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Issue Home June 3, 2003 Site Home

Letters to the Editor Policy

It’s Not A Playground

Last week, while out on errands I drove by the Laurel Hill Apartments (of which I am an owner). Several young boys were skateboarding in front of the entrance and had a board set up on the stairs to use as a ramp. I called out to them to take their skateboards and the ramp and leave the property. They got very nasty verbally, telling me I didn’t live there so I should leave them alone, they could do what the wanted to, etc. I told them I owned the property and told them again to leave. There was more back talk and one young man flung his skateboard across the lawn saying, "Well you don’t own the grass." They then sauntered off and I drove away. I returned a short while later to check on the building again and the boys had returned, their ramp back on the stairs and were skateboarding with abandon. I called out once more for them to take their ramp and boards and go home. They continued to be rude and disrespectful, but finally left.

Boys, you need to realize a few things. Private property is just that – private. The entrance to an apartment building is neither a playground nor a skateboarding park. Our building is home to many senior citizens who have a right to safe, unintimidated passage, to and from their home and to the peace and quiet they deserve. Your manners are appalling, and your lack of respect for authority is dismaying. While we can’t do much about those things, we can and will deal with any future trespassing or other disturbances by calling the police and prosecuting to the fullest extent the law allows. (Please bear that in mind, the next time you decide you’re entitled to do whatever you want to, wherever you want to do it.)


Laura Brownell

Jack Brooking

Laurel Hill Apartment Owners

My Memorial Day

I would like to talk about Memorial Day. I think that it is nice to remember the men and women who saved our country, but I would like to describe what Memorial Day means for me.

I am talking about my "Parents." Yes, you read it right, my parents. I never knew who my real parents were, never saw them, have no pictures of them, just have their last name in birth and on my birth certificate. I do know where my real sister is. We keep in contact with each other every day; well not every day, but you know what I mean.

My sister and I were raised in a home called Saint Mary’s Home For Children, which was supervised by the Catholic Nuns of Saint Mary’s Church, until I was eight years old. This home was located where Seton Catholic Central High School is located now, Seminary Ave., Binghamton.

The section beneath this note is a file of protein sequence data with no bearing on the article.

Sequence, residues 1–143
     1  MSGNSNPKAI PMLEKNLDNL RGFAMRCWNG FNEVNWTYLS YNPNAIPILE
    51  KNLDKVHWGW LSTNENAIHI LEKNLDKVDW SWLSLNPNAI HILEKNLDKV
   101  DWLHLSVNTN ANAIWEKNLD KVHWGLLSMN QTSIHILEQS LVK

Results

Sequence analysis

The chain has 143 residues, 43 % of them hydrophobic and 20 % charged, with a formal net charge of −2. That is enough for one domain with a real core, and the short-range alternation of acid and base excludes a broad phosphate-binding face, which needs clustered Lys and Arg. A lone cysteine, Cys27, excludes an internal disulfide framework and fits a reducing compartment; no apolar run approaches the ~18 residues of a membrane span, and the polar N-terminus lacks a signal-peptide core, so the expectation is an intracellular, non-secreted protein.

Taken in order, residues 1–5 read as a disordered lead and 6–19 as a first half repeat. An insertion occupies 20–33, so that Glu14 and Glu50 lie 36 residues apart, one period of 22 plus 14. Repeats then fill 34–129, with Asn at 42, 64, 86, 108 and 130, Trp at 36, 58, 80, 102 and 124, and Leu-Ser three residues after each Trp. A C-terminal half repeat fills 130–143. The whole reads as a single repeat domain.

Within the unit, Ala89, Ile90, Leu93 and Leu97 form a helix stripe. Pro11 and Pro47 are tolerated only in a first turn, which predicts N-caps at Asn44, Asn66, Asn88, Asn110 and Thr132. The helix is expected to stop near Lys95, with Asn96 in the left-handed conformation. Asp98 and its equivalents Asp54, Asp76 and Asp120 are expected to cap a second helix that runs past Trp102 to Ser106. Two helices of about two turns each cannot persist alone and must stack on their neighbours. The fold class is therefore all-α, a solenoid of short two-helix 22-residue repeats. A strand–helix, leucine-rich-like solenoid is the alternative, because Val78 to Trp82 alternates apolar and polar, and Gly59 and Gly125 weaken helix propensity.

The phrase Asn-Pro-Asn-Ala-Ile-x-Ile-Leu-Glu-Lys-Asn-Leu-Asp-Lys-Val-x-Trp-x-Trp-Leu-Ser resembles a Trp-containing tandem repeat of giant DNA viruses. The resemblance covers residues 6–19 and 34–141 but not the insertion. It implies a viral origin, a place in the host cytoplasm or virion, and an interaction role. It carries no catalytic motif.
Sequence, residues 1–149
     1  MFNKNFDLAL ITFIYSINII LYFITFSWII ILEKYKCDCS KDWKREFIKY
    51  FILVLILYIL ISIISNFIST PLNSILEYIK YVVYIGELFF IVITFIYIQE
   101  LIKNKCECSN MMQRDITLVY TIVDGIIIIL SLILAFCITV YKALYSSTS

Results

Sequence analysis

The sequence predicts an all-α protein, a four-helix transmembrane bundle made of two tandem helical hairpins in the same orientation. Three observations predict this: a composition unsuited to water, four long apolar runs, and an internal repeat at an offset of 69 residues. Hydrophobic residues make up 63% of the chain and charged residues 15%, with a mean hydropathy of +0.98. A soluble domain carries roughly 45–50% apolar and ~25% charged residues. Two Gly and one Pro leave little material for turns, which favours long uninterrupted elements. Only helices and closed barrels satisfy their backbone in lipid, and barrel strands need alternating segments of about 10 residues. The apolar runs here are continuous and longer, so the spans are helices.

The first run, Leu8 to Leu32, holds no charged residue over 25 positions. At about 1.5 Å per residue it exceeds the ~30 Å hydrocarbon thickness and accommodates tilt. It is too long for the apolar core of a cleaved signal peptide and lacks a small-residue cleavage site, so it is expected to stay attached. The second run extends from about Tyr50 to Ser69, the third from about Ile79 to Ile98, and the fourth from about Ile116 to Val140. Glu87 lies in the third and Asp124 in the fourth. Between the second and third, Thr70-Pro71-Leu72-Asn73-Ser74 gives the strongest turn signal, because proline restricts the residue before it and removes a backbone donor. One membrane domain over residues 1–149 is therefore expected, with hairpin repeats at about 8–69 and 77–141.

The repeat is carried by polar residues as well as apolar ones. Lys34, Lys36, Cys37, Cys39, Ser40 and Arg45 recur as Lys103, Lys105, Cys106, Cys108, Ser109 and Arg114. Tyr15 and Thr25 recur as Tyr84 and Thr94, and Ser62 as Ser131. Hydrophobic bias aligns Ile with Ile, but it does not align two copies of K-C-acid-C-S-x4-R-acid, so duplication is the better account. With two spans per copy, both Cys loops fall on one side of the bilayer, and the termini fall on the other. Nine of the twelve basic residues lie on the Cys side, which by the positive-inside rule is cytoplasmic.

When I was eight years old, my sister and I lived with a family on the South Side of Binghamton; they had two girls and a son of their own to raise and take care of.

Their names are Mr. Howard and Mrs. Cecile Fleming, our Foster Parents. They have both passed away, but the memories about them and what they did for us have not.

I do have pictures of "Mom and Dad." They had a cottage at Page’s Lake, which we would go to when Dad was not busy on the weekends, and we would stay out there during the summer time, when school was out. Dad’s mother has passed away, as well as aunt Ella, uncle Gerald, aunt Helen, aunt Bessie and uncle Ralph Churchill, grandma Smith and aunt Liz.

These are the kind of people that I would like to never forget. This is my kind of "Memorial Day" that I would like to share with the relatives of the Fleming family.

I want to say ‘THANK YOU" to each and every one of you that took my sister and I into your homes, to give us a good life and a respectable home that we could be "PROUD" to have lived in.

During our years of being raised in the Flemings’ house, they took care of 28 foster children!

How can we ever forget people like you?

God Bless all of you, each and every one.


Alexander M. Welsch

Susquehanna, PA

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Letters To The Editor MUST BE SIGNED. They MUST INCLUDE a phone number for "daytime" contact. Letters MUST BE CONFIRMED VERBALLY with the author, before printing. At that time you may request to withhold your name. Letters should be as concise as possible, to keep both ReaderÔs and Editor's interest alike. Your opinions are important to us, but you must follow these guidelines to help assure their publishing.

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